How it works
In total, 4,600 children have been accommodated in hotels since July 2021. Due to the abject failure in safeguarding these children, there have been 440 missing episodes and 200 children who have never been found. There is no legal basis for placing children in Home Office hotel accommodation.
At Baca, we believe in providing more than just a place to stay; we create a nurturing environment for young people to thrive. Our specialised supported accommodation encompasses New Arrival Houses, Semi-Independent Living Houses, and Post-18 Accommodation, all tailored to meet individual needs.
Our 24/7 On Call Service offers immediate assistance and assessment, ensuring that young people receive the necessary support upon placement in a shared house with other recent arrivals. Each young person is allocated their own room, and a dedicated residential support worker lives in the house to ensure their safety and well-being.
Upon arrival in the UK, Baca provides a comprehensive support package for the first six months focusing on the needs of victims of trafficking or those at risk of trafficking. This includes teaching essential life skills, starting English, maths and ICT lessons at Baca College, preparing them for life in the UK and equipping them for a successful transition to semi-independent living. As they progress beyond the new arrival stage, we encourage independence and teach vital skills like budgeting and safety awareness, offering continuous support during challenging times.
We help young people make the transition to independent living by working closely with local authorities to secure suitable accommodation. For those facing complex legal issues, our care leaver support ensures they have the guidance they need.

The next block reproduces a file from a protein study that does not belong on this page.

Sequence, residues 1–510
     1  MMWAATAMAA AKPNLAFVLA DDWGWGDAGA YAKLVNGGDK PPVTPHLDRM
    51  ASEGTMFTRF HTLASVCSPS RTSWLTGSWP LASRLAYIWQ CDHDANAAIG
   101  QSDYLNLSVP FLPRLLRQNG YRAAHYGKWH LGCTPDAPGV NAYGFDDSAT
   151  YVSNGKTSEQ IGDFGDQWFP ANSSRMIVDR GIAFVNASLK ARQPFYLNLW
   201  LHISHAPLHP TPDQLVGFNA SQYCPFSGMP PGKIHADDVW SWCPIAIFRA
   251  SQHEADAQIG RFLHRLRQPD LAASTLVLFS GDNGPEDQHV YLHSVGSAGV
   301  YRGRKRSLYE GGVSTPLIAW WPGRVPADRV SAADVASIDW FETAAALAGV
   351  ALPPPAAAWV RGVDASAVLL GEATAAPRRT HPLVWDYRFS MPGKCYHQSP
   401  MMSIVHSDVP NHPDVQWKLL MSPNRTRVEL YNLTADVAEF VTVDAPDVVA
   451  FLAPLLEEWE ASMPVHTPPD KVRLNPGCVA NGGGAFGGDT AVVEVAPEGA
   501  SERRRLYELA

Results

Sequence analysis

Our homes are safe, comfortable and strategically located near essential amenities. Rooms come furnished with basic necessities, and shared spaces are well-equipped. We are dedicated to upholding relevant standards and are actively working with local authorities to expand housing solutions and provide support to more young people in both current and new locations.
Focus: Meet other young people in the house and introduction to the support network.
New arrivals receive a warm welcome. Upon arrival at the new arrival house, interpreters and technology are used to communicate with them about their location and the people they will be encountering.
They are introduced to the other young people living in their home, encouraged to interact with their housemates through activities such as watching TV and sharing meals. They meet a select number of staff members, balancing the need to establish connections without overwhelming them during this early phase.
Focus: Linking in with activities, getting to know more young people, and learning about different cultures.
Young people start to integrate further into their new environment. They participate in Baca College lessons, join various activities like sports and art, and are encouraged to engage in group outings, such as playing football and art sessions. This helps them build relationships with the community of Baca young people and become more familiar with their cultures of their peers.
Focus: Learning to live with others from different cultures, having fun, and sharing experiences.
Young people continue to learn about the cultures of their fellow residents and support workers through Baca College lessons and shared experiences. This includes understanding the cultural backgrounds of both their support workers and other residents in the house.
They also attend the weekly social event, providing opportunities to connect with their peers and receive personal allowances. Young people are linked into trips and activities, including day trips to various places such as London or the seaside, and local events, further fostering their bonds with one another.
Focus: Conflict resolution skills and ongoing support for understanding different cultures.
As young people adapt to living together, they receive support in developing conflict resolution skills to address disagreements that may arise. This helps them build the ability to manage conflicts effectively.
Ongoing opportunities are available for young people to engage in group activities, trips, and workshops, ensuring their continued development and adjustment.
18+ Moving to Independence
Focus: Support for moving on
For young people aged 18 and over, Baca assists local authorities in finding move-on accommodation and provides support to those navigating the complex asylum legal system. Through our care leaver project, support continues for individuals with a negative asylum decision, awaiting return to their country of origin, awaiting the decision of an appeal or awaiting social housing.